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From the Archives: Trouble in Tahiti

Posted June 28, 2021

by Humphrey Burton

(as printed in the Winter 1993 issue of Prelude, Fugue & Riffs)

Leonard Bernstein conducting the studio orchestra for Trouble in Tahiti, London Weekend Television, 1973.

In the spring of 1951, after seven hectic years of conducting, Leonard Bernstein retired temporarily from the podium, determined to concentrate for at least a year upon his neglected composing career. He settled in Cuernavaca, Mexico, to write the libretto and music for Trouble in Tahiti, his first opera.

Work was interrupted by the death of Serge Koussevitzky. Bernstein returned to the United States, buried his revered master and took over the conducting school at Tanglewood. To conclude an eventful summer, on September 9th Bernstein married Felicia Montealegre Cohn.

The couple returned to Cuernavaca for an extended honeymoon and Bernstein resumed composing Tahiti, undeterred by the task of portraying a marriage in crisis while enjoying the first months of his own. Work went more slowly, however, until in January he reached an impasse, unable to devise a satisfactory conclusion to the opera.

Back in New York in February, he was persuaded by Irving Fine to complete the opera in time to conduct it for the first Brandeis University Festival of the Creative Arts on June 12, 1952. For a new production at Tanglewood two months later, Bernstein revised the libretto and composed a different finale. Conducted by Seymour Lipkin and directed by Sarah Caldwell, the opera was warmly received.

Bernstein was still not completely satisfied. Yet more modifications were made for a third performance, a live telecast on NBC-TV in November 1952. Directed by Kirk Browning, conducted by the composer and featuring cartoons designed by Saul Steinberg, the telecast was very popular. Trouble in Tahiti soon became a staple of college opera groups. It also had a brief run on Broadway. But apart from the opening night of a City Center production later in the 1950s, Bernstein did not conduct his opera again until 1973, when it was produced in England for London Weekend Television. For the occasion, Leonard Bernstein recorded an introductory interview, excerpts of which are reproduced below.

Trouble in Tahiti’s only forty minutes long. It’s a short work but it is an opera in the sense that it’s all sung, from beginning to end, except for one little passage of dialogue which is deliberately unsung. (...) It was meeting a challenge which I had set myself, to see if the American vernacular - both musical and linguistic - could be handled in something you could call an opera, but would not have the phoniness of operatic production. All the music derives from American vernacular roots, and so do the words. Under no circumstances should this ever sound or look like an opera in the conventional sense of the prima donna in despair or the tenor in a heroic moment. [Sam and Dinah] are the direct opposite of the usual operatic hero and heroine. They are an unhappily married suburban couple.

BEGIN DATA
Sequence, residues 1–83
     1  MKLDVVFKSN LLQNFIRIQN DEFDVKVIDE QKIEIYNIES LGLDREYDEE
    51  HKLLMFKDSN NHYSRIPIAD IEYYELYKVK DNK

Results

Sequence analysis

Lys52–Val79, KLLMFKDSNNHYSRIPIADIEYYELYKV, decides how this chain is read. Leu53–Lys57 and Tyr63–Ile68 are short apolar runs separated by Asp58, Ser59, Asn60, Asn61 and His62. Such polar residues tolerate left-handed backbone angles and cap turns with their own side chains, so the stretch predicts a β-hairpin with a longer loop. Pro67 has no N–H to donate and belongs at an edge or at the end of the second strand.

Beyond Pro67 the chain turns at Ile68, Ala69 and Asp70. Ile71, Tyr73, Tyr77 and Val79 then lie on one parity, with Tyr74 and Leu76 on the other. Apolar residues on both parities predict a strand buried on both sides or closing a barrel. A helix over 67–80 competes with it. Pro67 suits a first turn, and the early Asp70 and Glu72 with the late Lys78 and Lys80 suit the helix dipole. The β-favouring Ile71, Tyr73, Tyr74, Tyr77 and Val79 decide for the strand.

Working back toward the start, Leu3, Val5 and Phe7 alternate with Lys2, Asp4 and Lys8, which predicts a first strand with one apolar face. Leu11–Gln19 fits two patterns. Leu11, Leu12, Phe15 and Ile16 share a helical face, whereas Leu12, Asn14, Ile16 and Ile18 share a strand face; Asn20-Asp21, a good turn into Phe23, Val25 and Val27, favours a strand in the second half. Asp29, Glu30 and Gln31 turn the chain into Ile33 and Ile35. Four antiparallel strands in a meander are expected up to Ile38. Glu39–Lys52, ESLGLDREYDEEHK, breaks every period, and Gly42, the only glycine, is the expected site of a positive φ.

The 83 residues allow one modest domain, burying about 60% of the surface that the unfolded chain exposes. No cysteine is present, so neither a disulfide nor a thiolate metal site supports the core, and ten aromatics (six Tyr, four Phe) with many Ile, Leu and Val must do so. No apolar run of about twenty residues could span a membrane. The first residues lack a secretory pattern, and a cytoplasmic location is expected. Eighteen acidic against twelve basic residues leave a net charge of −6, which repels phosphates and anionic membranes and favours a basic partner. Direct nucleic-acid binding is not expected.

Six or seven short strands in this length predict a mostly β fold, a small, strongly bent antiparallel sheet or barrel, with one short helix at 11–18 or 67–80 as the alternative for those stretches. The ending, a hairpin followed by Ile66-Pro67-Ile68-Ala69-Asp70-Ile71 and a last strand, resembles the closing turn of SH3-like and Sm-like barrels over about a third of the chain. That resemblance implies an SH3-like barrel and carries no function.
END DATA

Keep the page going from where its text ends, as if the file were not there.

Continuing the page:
The roots of Trouble in Tahiti are in the American musical theatre, there’s no doubt of that. In this I was not trying desperately to avoid anything that has to do with Jerome Kern or Gershwin. The only thing I tried to avoid was Italian or German operatic stock traditions and styles; Marc Blitzstein had an enormous influence on this. It’s only forty minutes long. It has a very tiny cast, it doesn’t try to tell a great, immense epic tale, and it is the only opera I’ve ever written to this day.”

(Editor’s note: this interview was given before the composer wrote A Quiet Place.)


Humphrey Burton was Head of Music and Arts for BBC Television and Artistic Director of the Barbican Arts Centre, London. He filmed many of the Maestro’s educational programs, as well as numerous concerts with the Vienna Philharmonic. Burton is also the author of the celebrated Bernstein biography and has recently released his own autobiography titled In My Own Time: An Autobiography.

Photo: Leonard Bernstein conducting the studio orchestra for Trouble in Tahiti, 1973. Courtesy of London Weekend Television.

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